There was overlap among the published reviews, with broad areas such as drug treatment for COVID-19, prevalence of comorbidities in patients with COVID-19, clinical characteristics of COVID-19 and symptoms in children being areas with the most overlap. For example, 16 reviews evaluated cardiovascular related comorbidity and COVID-19 (4 reviews focusing on hypertension, 2 reviews on stroke, 3 reviews on diabetes, 3 reviews on risk of comorbidities and 4 reviews on cardiovascular disease more generally). Nine reviews describe the neurological manifestations of COVID-19.
Thirteen reviews were published on the broad topic of chloroquine and hydroxychloroquine. Within these, nine reviews investigated hydroxychloroquine for treatment of inpatients with COVID-19 (the remaining reviews focused on prophylaxis or a wider question). They were all published within 8 weeks of each other and reported numbers of included studies ranged from 2 to 14. Of these nine reviews, one suggested hydroxychloroquine could be beneficial but more research was needed, seven reviews concluded there was insufficient or conflicting evidence to make any conclusions, and one review reported increased mortality with hydroxychloroquine. Only one of the nine reviews reported registering a protocol, and the same review was the only one to report having plans to update. This review was one of only two reviews in the entire dataset to score high on AMSTAR-2 (see ‘methodological quality of the reviews’). The latest update of the review published in December now concludes that there is ‘low strength evidence that hydroxychloroquine has no positive effect on all-cause mortality and need for mechanical ventilation’.18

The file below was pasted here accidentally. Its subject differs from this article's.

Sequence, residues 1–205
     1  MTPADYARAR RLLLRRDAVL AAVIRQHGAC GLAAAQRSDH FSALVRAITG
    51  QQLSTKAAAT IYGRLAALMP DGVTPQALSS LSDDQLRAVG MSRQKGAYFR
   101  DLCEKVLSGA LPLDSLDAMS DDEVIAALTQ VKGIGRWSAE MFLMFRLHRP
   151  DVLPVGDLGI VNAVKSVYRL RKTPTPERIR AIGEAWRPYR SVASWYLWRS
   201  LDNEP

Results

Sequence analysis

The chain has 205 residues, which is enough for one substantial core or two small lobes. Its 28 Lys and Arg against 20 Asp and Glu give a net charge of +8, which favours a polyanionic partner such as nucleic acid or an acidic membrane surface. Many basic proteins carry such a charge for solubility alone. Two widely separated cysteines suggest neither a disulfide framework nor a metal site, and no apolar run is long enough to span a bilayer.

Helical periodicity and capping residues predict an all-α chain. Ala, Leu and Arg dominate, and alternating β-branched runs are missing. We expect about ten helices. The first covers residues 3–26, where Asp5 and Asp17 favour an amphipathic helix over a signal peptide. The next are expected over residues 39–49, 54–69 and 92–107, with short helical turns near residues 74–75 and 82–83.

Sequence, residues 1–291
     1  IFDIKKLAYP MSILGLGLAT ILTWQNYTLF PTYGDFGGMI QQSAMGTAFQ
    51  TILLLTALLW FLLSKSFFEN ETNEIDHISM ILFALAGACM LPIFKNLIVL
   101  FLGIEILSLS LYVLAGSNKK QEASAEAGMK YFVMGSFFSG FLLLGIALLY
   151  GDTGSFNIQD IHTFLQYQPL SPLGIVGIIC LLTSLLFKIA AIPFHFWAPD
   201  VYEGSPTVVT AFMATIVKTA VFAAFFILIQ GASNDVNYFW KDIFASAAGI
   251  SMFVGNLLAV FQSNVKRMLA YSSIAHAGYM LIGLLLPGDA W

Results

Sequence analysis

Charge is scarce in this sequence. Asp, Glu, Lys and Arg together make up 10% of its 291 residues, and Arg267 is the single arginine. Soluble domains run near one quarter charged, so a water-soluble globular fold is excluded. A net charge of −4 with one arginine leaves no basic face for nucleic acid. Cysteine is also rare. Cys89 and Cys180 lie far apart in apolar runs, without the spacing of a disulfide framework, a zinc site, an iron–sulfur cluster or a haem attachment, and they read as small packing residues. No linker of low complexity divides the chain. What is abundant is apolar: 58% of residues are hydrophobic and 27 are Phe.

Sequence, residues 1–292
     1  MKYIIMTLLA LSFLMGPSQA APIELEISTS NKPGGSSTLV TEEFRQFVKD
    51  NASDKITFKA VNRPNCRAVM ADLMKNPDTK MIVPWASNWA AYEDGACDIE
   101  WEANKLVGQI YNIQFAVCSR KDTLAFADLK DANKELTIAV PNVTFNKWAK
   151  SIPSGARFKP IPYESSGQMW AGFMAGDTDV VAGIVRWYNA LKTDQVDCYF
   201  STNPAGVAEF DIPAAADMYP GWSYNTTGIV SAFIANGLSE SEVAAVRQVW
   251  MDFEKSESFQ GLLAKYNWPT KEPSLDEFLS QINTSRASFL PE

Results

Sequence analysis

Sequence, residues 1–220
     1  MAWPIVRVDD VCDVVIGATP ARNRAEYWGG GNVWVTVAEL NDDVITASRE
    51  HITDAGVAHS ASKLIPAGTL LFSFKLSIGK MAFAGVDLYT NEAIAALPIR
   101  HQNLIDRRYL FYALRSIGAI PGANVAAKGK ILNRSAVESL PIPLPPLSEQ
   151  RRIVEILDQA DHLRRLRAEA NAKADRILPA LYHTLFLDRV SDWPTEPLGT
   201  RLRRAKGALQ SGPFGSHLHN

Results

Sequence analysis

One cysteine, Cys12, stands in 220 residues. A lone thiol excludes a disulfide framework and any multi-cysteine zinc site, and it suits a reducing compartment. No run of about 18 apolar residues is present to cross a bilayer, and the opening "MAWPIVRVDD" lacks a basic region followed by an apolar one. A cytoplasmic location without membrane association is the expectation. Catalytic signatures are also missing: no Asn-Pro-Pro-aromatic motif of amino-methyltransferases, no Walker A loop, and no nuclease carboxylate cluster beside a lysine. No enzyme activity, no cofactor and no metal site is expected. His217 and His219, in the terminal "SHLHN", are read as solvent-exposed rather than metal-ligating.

RQ2: in what ways are established systematic review methods being constrained in an effort to inform transmission, diagnosis, treatment and the care of people with COVID-19? And what is the potential impact of these methodological shortcuts?